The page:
Shoal is an anthology of short stories written by the Thanet Writers’ Group and edited by Alice Olivia Scarlett. I’m not normally a reader of short stories but this anthology has left me wanting more.
I love the concept of ‘Shoal’ to convey the idea of lots of individual writers coming together to create a very comprehensive anthology. There are twenty-five stories and each one is very different to the rest. The only thing the stories have in common is the quality of the writing which makes each of them a joy to read. The diverse styles and themes mean that there is something for everyone and I’ve picked out a small sample to focus on.
A couple of the stories focus on the poignancy of old age and the passage of time. The Old Man by Ghillie communicates the sorrow of an old man in the final chapter of his life extremely effectively. The dichotomy of having an abundance of knowledge and wisdom whilst being dismissed as irrelevant in a world that no longer values experience. Lucy by Sarah Tait on the other hand chooses to explore old age through the eyes of a daughter forced to care for a dependent parent. Tait cleverly highlights the resentment caused by the change in dynamic between the mother and daughter.
I also enjoyed the stories which reflect on missed opportunities. In First and Last, 1917, Catherine Law’s protagonist is a woman trapped in an abusive marriage whose only joy comes from the past. A past that sadly remains elusive and out of reach. Similarly in All the Post Cards Never Sent by Rosie Ascott, we are reminded how fleeting our chances of happiness can be and why it’s so important to embrace them.
Some of the stories feel like they have the potential to be developed into novels should the writers have the inclination. Loose Ends by Sam Kaye had me on the edge of my seat as the writer built the tension in a mini-thriller. The story builds around the idea of ‘live by the sword die by the sword’ as the life of a sniper is shown to be very expendable. Likewise The Life and Times of a Zombie is an exciting post-apocalyptic novel that felt like it had more to give.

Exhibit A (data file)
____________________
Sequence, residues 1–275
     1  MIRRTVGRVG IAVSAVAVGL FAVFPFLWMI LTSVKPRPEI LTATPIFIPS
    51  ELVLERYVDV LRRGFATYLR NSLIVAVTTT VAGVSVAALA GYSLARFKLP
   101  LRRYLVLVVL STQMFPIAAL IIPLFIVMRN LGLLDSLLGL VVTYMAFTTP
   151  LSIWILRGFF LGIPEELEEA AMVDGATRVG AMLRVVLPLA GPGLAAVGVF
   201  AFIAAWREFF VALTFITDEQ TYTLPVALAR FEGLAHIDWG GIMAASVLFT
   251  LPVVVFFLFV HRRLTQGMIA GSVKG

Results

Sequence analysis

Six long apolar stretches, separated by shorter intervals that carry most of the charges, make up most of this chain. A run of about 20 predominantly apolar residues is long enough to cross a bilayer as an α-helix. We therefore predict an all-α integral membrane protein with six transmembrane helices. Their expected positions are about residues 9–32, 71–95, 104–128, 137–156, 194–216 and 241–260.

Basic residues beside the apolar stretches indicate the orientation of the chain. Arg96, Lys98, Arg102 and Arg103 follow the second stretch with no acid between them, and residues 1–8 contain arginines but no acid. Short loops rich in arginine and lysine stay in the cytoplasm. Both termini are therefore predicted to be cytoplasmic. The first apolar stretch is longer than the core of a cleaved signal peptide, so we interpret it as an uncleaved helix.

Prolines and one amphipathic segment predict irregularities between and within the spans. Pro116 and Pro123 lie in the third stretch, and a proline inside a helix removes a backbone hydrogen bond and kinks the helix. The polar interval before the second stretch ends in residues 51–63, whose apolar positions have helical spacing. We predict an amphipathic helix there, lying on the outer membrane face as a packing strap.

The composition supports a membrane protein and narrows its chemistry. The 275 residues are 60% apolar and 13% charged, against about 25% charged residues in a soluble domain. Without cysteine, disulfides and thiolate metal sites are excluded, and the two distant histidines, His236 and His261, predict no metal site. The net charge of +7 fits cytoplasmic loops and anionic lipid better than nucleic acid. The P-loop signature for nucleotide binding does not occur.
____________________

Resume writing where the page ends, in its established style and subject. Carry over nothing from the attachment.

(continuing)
Some of the stories are very contemporary and rooted in realism, touching on subjects such as homelessness and bullying. Cuke by Luke Edley is a hilarious account of a hapless young man, addicted to porn and desperately trying to lose his virginity. Other stories, however, have a surreal, timeless quality to them. For example, Paint me contemplates the relationship between art and the viewer and sees the viewer sublimated into the artwork. Whilst Chisel by Rebecca Delphine is a story of immortal beings feeding from the “light” of young people.
Shoal is not an easy book to review purely because there are so many stories, all with something to offer the reader. I would recommend that if you enjoy short stories then you choose Shoal and peruse the vast array of genres and writing styles. I guarantee you’ll find lots to enjoy.